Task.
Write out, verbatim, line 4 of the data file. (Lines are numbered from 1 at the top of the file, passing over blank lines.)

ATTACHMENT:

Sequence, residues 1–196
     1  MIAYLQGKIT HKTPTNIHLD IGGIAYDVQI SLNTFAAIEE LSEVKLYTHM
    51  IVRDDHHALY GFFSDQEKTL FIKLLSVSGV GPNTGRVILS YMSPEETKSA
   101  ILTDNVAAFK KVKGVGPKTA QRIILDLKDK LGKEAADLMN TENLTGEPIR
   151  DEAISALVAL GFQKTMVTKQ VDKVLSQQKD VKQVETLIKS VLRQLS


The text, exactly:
   101  ILTDNVAAFK KVKGVGPKTA QRIILDLKDK LGKEAADLMN TENLTGEPIR